After Civil Rights

Author: John D. Skrentny
Publisher: Princeton University Press
ISBN: 1400848490
Size: 51.34 MB
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What role should racial difference play in the American workplace? As a nation, we rely on civil rights law to address this question, and the monumental Civil Rights Act of 1964 seemingly answered it: race must not be a factor in workplace decisions. In After Civil Rights, John Skrentny contends that after decades of mass immigration, many employers, Democratic and Republican political leaders, and advocates have adopted a new strategy to manage race and work. Race is now relevant not only in negative cases of discrimination, but in more positive ways as well. In today's workplace, employers routinely practice "racial realism," where they view race as real--as a job qualification. Many believe employee racial differences, and sometimes immigrant status, correspond to unique abilities or evoke desirable reactions from clients or citizens. They also see racial diversity as a way to increase workplace dynamism. The problem is that when employers see race as useful for organizational effectiveness, they are often in violation of civil rights law. After Civil Rights examines this emerging strategy in a wide range of employment situations, including the low-skilled sector, professional and white-collar jobs, and entertainment and media. In this important book, Skrentny urges us to acknowledge the racial realism already occurring, and lays out a series of reforms that, if enacted, would bring the law and lived experience more in line, yet still remain respectful of the need to protect the civil rights of all workers.

American Work

Author: Jacqueline Jones
Publisher: W. W. Norton & Company
ISBN: 9780393318333
Size: 40.98 MB
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Highlights how every significant social transformation in American history affected the advances of Blacks in the labor force

The Ironies Of Affirmative Action

Author: John David Skrentny
Publisher: University of Chicago Press
ISBN: 9780226761787
Size: 14.99 MB
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Describes the origins of affirmative action in the conditions of the late 1960s and early 1970s, explains how it seemed to produce results when "color-blind" policies--which often allowed other inequalities--did not, and discusses its limitations and some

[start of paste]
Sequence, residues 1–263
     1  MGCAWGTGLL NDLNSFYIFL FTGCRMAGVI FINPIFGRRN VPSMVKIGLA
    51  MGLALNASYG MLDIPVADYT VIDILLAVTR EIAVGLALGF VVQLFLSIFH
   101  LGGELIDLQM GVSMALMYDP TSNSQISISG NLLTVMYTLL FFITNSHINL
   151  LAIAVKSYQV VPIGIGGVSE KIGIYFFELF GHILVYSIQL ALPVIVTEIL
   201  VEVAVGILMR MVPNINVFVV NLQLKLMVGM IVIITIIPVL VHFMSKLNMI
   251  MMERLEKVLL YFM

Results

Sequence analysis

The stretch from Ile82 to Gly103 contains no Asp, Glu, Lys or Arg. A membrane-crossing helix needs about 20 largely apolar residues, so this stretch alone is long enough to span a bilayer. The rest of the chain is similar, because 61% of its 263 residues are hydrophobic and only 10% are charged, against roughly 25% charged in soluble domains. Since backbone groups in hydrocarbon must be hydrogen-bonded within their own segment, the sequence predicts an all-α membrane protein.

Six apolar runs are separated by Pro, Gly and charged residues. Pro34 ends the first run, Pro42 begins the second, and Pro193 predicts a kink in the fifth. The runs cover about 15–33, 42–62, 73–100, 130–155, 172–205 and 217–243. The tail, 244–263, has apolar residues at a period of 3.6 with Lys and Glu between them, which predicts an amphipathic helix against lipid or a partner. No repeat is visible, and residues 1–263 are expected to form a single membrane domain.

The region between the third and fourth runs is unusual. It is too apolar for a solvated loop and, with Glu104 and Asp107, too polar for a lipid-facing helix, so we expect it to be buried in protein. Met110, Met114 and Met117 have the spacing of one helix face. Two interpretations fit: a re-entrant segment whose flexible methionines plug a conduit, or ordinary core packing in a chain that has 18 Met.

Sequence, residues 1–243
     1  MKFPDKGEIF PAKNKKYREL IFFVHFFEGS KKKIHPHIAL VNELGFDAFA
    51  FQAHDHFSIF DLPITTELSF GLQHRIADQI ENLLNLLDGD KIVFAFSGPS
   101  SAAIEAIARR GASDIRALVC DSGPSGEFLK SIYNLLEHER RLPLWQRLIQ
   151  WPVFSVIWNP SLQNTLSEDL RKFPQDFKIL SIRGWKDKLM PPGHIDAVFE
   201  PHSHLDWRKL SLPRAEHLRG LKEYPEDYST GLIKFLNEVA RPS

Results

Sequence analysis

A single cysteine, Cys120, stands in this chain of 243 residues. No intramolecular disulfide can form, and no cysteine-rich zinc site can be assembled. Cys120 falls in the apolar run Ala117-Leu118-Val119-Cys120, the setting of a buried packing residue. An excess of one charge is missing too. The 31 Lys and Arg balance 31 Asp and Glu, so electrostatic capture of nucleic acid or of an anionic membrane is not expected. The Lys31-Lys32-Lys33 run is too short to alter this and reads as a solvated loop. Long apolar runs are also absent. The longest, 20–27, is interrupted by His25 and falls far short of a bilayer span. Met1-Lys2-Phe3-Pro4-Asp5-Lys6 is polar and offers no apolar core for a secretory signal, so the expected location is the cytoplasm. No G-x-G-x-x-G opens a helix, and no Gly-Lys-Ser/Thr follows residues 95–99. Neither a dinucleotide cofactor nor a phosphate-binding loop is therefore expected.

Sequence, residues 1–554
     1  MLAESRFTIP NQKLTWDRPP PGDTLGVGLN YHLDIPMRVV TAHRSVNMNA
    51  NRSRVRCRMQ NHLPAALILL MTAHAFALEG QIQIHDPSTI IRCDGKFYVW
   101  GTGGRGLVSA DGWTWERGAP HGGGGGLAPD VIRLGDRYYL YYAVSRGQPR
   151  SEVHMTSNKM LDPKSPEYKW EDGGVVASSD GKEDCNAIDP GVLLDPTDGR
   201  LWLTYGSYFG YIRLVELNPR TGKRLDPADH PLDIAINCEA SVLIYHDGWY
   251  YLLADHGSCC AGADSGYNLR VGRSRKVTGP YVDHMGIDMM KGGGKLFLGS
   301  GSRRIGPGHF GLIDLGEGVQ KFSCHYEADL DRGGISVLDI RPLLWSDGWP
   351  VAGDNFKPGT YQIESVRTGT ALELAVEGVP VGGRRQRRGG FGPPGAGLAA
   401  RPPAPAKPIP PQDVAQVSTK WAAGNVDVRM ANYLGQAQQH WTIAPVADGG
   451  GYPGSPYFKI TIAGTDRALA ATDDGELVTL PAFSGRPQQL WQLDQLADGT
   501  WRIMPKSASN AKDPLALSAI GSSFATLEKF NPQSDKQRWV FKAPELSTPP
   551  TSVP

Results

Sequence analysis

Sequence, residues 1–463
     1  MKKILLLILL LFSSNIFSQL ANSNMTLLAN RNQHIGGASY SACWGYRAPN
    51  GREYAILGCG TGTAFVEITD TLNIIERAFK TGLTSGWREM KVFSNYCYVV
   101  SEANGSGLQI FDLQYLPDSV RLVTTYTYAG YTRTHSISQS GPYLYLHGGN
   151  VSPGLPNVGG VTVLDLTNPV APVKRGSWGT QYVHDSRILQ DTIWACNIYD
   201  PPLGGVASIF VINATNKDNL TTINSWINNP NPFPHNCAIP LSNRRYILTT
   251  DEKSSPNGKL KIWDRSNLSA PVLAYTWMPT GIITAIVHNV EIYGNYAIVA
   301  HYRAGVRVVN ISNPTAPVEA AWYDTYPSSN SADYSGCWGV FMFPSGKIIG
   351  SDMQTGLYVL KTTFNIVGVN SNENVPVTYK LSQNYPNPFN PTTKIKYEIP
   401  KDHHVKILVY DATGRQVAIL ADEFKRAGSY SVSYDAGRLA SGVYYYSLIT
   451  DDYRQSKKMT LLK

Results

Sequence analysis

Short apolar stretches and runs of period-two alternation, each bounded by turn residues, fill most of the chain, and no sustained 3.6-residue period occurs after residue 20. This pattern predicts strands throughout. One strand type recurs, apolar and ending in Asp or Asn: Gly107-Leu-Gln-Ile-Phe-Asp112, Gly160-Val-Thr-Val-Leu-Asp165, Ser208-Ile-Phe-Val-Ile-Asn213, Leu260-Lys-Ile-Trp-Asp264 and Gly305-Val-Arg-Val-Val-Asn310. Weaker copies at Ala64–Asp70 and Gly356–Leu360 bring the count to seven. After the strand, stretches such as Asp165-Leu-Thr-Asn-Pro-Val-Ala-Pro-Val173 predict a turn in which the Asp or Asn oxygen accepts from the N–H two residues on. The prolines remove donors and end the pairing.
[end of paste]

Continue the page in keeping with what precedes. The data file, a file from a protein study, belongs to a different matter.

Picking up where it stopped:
Healing Capitalism

Author: Jem Bendell
Publisher: Routledge
ISBN: 1351276468
Size: 76.77 MB
Format: PDF, Mobi
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The global response from business to social and environmental issues during the past decade has created a corporate responsibility movement. But what has been the impact of this movement? The financial crisis that began in 2007 has led more and more people to question the fundamentals of our economic system. Now, some within the corporate responsibility movement are developing a vision and practice of a new form of capitalism, one that will require collective action to achieve. Bendell and Doyle draw on Lifeworth's annual reviews of corporate responsibility and explain how business leaders, stakeholders and related academe now need to experiment with new models that address the fundamental flaws of contemporary capitalism, including monetary systems, enterprise ownership, and regulation. This book will be a fantastic resource for business libraries, as it records and analyses key events, issues and trends in corporate responsibility during the first decade of the 21st century. It is a sequel and companion to Bendell's previous work, The Corporate Responsibility Movement.

Migrant Teachers

Author: Lora Bartlett
Publisher: Harvard University Press
ISBN: 0674726340
Size: 67.49 MB